~ Back In The Fog ~
Sometimes it just comes out of nowhere. One day you’ll be strolling down the streets of life, completely content with how things are, then suddenly the light starts to dwindle and you find yourself back in the fog. It is a state of being which is mostly referred to as depression. For me, depression for me was never about feeling down or sad. Rather it was a sort of void where just to feel something would have been welcome; even feelings of sadness, nostalgia, and melancholy were desirable when you were depressed, because that was at least feeling, and I felt that true depression is an overwhelming emptiness inside – a complete sense of nothingness – and this was the most soul-destroying thing a human could experience. A life without light, or feeling, or hope, or desire. Just a senseless, barren wilderness where you lingered like a ghost in the fog without any light to lead you home. And even if you were to speak to someone about it, you couldn’t even put your finger on what exactly the problem was. Your life may have appeared to be fine based on external appearances; but, of course, as we knew from the rich and famous were commiting suicide, depression did not discriminate based on aesthetic factors, and appearances could be dangerously deceiving.
For me, my first period of depression began for me sometime around thirteen. Out of nowhere life became empty, and the only thing I looked forward to was sleeping. And even when I was smiling and laughing, I was broken inside, a drifter of life, not really there at all – not really anywhere. Just existing in some hollow and automatic way. And of course you can’t tell anyone how you feel, because you feel ashamed to feel that way, and all teenagers are depressed they say, but I wasn’t sure how true that was when the energy to go on living just wasn’t there anymore. And I looked back at old photos and lamented on my childhood, thinking that I had died in some way; that this brain inside me was beyond repair and I would never return to the days when the smiles were genuine and the skies truly blue.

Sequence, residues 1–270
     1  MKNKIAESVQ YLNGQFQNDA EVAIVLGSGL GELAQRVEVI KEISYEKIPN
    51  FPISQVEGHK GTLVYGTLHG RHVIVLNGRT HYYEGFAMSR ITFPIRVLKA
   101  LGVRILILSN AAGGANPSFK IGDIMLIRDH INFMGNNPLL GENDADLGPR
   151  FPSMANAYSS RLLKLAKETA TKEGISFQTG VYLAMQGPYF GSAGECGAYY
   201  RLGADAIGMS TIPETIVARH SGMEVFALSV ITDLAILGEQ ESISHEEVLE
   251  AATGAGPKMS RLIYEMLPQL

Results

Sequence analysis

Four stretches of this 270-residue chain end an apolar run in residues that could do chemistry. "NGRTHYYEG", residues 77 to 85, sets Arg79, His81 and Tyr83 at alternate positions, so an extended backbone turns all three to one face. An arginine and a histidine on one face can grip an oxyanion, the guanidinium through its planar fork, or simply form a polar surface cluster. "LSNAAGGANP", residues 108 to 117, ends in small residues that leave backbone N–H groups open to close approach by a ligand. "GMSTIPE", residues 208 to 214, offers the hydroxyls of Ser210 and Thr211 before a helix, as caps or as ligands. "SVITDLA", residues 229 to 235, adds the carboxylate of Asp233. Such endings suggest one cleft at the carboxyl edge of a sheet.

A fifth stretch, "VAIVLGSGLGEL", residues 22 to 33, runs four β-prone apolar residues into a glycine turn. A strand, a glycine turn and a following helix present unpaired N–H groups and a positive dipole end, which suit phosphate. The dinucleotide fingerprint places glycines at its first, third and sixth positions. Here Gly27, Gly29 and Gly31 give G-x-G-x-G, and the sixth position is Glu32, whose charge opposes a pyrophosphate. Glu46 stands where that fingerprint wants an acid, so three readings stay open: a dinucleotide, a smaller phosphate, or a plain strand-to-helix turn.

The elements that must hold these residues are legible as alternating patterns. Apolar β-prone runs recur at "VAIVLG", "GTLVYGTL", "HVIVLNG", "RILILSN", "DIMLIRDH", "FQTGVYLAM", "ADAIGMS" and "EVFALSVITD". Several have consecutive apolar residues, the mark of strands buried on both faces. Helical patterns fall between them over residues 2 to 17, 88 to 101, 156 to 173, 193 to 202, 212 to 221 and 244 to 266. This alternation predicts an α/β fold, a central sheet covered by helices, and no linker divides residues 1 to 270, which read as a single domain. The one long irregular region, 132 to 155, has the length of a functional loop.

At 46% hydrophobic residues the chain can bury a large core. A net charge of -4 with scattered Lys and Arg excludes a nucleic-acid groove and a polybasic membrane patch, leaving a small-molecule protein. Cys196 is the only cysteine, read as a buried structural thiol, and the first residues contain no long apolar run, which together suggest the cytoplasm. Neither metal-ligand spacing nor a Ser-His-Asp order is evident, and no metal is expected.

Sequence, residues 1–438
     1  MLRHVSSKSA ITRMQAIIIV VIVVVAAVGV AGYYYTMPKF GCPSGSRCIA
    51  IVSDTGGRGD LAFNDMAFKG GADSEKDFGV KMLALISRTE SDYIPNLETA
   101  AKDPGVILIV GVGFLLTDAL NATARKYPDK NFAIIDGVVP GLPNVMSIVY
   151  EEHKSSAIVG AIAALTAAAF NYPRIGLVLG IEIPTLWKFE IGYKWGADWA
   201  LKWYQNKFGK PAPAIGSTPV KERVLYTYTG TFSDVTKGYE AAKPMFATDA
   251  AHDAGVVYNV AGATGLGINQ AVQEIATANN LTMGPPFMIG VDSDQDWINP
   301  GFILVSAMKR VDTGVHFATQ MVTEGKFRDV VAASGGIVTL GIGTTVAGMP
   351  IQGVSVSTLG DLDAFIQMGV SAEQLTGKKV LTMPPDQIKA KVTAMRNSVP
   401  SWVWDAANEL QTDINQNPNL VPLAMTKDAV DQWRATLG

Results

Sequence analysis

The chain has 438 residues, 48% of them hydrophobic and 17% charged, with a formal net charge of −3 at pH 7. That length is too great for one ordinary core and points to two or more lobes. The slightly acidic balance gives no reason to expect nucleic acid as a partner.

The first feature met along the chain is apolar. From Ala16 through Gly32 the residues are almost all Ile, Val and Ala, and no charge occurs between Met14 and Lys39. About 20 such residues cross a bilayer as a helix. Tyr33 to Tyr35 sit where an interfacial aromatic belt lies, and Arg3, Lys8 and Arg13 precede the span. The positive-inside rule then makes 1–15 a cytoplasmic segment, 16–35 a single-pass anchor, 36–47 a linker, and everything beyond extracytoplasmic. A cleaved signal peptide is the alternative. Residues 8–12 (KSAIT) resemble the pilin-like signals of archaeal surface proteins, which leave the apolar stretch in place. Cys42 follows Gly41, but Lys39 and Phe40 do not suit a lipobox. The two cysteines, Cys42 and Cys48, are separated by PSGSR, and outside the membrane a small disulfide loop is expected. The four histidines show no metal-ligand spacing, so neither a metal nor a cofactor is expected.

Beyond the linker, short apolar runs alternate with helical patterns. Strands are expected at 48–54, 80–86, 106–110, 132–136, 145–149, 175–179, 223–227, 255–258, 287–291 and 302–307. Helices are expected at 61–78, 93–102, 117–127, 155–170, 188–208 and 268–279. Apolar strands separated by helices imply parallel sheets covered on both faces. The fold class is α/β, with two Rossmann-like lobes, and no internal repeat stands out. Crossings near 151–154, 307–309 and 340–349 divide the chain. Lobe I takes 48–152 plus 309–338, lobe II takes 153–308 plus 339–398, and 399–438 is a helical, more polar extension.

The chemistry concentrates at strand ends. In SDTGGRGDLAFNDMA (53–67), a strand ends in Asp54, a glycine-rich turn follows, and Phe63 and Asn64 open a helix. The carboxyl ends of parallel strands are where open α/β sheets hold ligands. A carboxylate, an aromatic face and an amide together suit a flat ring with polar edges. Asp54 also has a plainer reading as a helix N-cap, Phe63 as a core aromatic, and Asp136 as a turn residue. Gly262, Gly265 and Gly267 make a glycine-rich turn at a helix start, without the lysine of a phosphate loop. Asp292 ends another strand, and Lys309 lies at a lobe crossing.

The depression returned when I was twenty. What I assumed was just a comedown after the best summer of my life, turned out to be another lengthy two-year spell in the void. After a few months of adventure and music festivals, the autumn came and I was thrown back into the emptiness I had experienced a few years previously. Even though I had moved out of it before, I still couldn’t imagine what it would be like to feel normal again. The fog surrounded and suffocated me, and again what was left to do but to just try to keep on living, even when there was no connection to anything I was doing. Even when my brain would not allow any joy to register. Even when I didn’t want to wake up and get out of bed in the morning.
Other spells of depression came and went through the years, and that fog was an environment that I became familiar with. Returning home from an eighteen month adventure one year was probably the time when the fog got the thickest and I truly thought about ending it all. But even though I walked blindly, I carried on with whatever fire was left in my heart, seeking to slowly light up my way to some sort of clearing. What I was thankful for when the times were hard was this deep kind of stubbornness in my soul. I had felt it since I was a small child; the unshakeable urge to march against the storm and ‘rage against the dying of the light’, as a great poet had once said. It kept me marching through the greyness. It kept moving towards some sort of distant salvation. And as the periods went on, my brain began to shift through a series of awakenings where I felt I was able to light up the world around me whenever that fog came back out of nowhere. I brought my own light to the darkness and kept a quiet courage in my heart as the light dwindled and the demons surrounded me.